Oh hey, and it’s about to get even better. If your first experience of Richter is with this year’s Infra, you are in luck. Initially designed as a score to be written with a ballet of the same name, Infra marks the return of the German-born composer to what he’s truly good at doing – you know, making actual albums. Oh yes, he’s chosen to leave his cell phone at home this time out (thank God), making the proper release that should have come after 2006’s Songs From Before. You’ll find Richter’s now-staple compositions of ethereal electronic presses and deeply sentimental keys and string beds here in plenty, all arranged with the restraint and knack for proper placing that has characterized most of the composer’s work of the last decade. There’s not any overarching theme led by any vocal pieces this time out on Infra, though, and the closest thing that you will get to a human voice is a muffled radio static broadcasting announcement in the opening section of “Infra 1”, and later in the colossal build of strings in “Infra 5”. But if you think about it, it’s safe to say that anything of that vocal nature returning on this album would have come off as too much of an attempt to cash in on his 2004 success. He’s just easing back into his routine, slowly and safely, but God it’s a beautiful sound.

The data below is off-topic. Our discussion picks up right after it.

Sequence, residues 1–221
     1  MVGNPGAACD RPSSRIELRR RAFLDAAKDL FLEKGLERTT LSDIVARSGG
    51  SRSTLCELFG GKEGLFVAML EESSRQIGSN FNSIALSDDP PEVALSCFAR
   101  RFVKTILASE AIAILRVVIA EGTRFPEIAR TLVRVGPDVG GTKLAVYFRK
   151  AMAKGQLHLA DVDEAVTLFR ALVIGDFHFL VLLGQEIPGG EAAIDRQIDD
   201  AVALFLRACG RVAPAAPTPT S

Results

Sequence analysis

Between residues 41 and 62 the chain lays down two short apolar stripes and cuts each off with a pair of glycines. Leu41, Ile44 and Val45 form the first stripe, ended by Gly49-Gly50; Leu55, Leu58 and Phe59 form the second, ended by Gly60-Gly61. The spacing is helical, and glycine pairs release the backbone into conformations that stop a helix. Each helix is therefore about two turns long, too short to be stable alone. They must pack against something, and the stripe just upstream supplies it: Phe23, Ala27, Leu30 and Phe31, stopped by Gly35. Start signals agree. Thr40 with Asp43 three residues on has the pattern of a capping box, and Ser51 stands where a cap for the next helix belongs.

Infra is laid out in a, according to Richter anyway, take it as it comes design. The “Journey” and “Infra” suites seem randomized on the tracklisting, but on record they sound anything but haphazardly thrown together. This is an interesting point when describing Richter's music, in that he takes his different instruments, positions them together, and comes out with a completely natural, moving album. This even works with the varying moods that Infra contains, such as the feeling of nervous excitement that comes with the static and orchestral string release on "Infra 5", or in the feeling of eerie post-war abandonment that creeps into your jittering hands found in the static crawling of "Journey 3". This element of varying moods adds something new to Richter's aesthetic that he first used on prior, proper album, Song From Before (like literally), and of course The Blue Notebooks. Where those albums were solemn and tranquil over the course of their lengths, Infra shows that Richter is not afraid to change the mood of his playing field. It's a sign of his growth as a composer, and also his willingness to give listeners something that doesn't copy and paste the outline from his past successes.